E2086. From Accidents to Zebras: A Pictorial Review of Spinal Trauma
  1. Sankarsh Jetty; University of Rochester Medical Center
  2. Bushra Ahmad; No Affiliation
  3. Attia Ahmad; Rowan University School of Medicine
  4. Alexander Kessler; University of Rochester Medical Center
Blunt and penetrating trauma is a frequent cause of visits to the emergency department with blunt trauma making up approximately 40% of all visits and penetrating trauma making up approximately 12% of all visits. Despite increased imaging utilization, injuries to the spinal cord are missed in 4 - 9% of patients. Knowledge of common fracture patterns and mechanisms of injury is crucial to making an accurate and timely diagnosis.

Educational Goals / Teaching Points
This exhibit includes a brief review of spinal anatomy, a review commonly used clinical and imaging classification systems, common pathology following spinal trauma, and mimics and pitfalls.

Key Anatomic/Physiologic Issues and Imaging Findings/Techniques
This exhibit covers anatomy (radiographic, cross-sectional, atlanto-occipital junction); classification (NEXUS criteria, AO spine); pitfalls/mimics (limbus vertebrae, pars defects, vascular channels, Os Odontoideum); Pathology (jefferson fracture, hangman fracture, clay shoveler’s fracture, burst fracture, chance fracture, simple compression fracture, flexion teardrop, extension teardrop, occipital condyle fracture, Types 1-3 odontoid fractures, cervical spine tubercle fractures, bamboo stick fracture, nerve root avulsion, spinal cord contusion, subdural hemorrhage, epidural hemorrhage, subarachnoid hemorrhage, atlanto-occipital dissociation, facet dislocation, traumatic disc herniation, ligamentous injuries).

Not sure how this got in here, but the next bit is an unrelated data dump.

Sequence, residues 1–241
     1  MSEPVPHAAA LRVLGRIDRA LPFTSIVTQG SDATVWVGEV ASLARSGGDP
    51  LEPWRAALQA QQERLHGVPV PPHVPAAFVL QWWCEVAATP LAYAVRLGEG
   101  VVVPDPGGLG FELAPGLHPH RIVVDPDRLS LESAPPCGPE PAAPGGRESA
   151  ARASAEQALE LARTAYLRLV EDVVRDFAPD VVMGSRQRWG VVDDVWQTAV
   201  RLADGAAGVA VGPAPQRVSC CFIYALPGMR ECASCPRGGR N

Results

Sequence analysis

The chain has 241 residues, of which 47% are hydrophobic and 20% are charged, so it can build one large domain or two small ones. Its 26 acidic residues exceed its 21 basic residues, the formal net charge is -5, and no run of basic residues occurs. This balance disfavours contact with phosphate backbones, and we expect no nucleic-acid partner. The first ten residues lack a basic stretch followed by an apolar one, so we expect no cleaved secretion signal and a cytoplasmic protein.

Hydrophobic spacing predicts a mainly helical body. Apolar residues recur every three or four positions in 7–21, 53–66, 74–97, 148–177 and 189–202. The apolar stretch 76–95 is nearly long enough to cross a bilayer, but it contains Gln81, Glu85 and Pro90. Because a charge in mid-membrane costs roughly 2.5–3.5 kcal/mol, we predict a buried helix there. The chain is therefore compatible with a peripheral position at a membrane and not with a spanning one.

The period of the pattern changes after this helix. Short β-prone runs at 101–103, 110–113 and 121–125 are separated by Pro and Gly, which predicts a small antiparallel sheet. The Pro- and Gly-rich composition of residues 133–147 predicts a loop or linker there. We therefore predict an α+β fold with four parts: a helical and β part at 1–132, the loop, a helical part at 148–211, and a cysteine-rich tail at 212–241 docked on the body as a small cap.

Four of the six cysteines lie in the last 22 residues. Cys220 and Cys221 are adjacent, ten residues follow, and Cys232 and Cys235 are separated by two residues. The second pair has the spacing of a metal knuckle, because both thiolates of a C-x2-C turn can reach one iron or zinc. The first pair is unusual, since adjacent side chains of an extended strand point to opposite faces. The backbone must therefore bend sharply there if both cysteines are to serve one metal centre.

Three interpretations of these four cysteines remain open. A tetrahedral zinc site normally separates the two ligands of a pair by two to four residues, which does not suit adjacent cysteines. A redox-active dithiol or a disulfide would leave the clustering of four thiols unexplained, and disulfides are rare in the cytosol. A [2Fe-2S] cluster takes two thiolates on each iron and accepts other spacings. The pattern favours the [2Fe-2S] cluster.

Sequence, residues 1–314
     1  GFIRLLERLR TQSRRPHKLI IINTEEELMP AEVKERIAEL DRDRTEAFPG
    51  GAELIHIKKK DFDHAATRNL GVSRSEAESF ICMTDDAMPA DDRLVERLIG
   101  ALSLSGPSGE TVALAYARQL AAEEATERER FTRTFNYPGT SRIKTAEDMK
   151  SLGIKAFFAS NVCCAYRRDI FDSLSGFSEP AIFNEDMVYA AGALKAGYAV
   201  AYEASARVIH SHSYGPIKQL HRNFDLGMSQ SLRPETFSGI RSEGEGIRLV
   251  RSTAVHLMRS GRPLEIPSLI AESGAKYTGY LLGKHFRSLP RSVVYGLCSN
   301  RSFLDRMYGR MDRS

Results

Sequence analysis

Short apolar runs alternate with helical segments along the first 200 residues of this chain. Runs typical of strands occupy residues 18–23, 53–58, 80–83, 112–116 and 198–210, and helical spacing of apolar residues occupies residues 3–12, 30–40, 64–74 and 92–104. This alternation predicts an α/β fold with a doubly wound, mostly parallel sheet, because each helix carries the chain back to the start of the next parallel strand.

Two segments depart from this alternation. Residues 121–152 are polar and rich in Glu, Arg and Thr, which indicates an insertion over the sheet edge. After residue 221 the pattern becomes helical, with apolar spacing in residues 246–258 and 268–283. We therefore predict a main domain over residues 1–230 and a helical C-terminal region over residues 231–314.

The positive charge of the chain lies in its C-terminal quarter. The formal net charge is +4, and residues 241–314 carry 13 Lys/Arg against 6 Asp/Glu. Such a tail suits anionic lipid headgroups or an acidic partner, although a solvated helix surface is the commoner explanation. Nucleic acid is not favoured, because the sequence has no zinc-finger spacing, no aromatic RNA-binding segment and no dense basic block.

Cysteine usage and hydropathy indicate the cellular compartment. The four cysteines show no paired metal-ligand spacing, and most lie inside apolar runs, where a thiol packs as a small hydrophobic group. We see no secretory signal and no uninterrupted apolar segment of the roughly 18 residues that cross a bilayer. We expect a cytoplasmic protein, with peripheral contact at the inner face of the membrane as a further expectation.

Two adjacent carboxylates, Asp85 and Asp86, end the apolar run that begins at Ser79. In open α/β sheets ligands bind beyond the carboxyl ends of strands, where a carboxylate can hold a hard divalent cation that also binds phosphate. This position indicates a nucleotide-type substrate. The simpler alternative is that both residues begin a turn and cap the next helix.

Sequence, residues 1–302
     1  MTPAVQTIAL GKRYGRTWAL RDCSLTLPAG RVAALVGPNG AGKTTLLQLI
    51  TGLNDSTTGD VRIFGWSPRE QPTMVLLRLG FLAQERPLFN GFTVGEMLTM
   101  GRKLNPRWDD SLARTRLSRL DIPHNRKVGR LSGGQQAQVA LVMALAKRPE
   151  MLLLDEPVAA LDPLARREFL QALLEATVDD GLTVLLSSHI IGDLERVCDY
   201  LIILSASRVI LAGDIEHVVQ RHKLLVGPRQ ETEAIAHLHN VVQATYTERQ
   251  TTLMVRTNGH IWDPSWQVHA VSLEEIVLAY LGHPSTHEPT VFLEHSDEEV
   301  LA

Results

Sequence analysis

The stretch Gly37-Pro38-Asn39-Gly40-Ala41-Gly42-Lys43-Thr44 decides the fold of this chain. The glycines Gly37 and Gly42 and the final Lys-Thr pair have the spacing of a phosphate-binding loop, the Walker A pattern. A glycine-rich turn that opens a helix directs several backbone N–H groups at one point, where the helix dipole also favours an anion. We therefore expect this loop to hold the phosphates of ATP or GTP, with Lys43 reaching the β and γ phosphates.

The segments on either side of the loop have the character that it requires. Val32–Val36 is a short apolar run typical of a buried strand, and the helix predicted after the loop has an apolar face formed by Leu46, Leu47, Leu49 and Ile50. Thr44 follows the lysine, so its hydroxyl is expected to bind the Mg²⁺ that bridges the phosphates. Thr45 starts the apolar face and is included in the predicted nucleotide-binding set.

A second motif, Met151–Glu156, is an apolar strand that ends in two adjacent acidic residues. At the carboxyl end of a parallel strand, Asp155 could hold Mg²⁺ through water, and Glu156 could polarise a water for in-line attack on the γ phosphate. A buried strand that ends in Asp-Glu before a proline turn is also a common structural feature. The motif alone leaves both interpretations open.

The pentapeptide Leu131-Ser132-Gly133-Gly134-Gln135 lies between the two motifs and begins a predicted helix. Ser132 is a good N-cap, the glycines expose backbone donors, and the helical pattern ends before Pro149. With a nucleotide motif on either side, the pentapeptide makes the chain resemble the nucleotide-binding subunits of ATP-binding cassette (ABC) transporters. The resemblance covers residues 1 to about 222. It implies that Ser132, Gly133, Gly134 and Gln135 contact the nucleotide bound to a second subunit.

Imaging of spinal trauma is a common occurrence in the emergency department and one that is encountered by the radiologist on a daily basis. A multimodality approach is often employed, beginning with radiography or CT and proceeding to MRI or MRA as warranted. An understanding of normal anatomy and common mimics and pitfalls of disease is important to prevent unnecessary further imaging or procedures.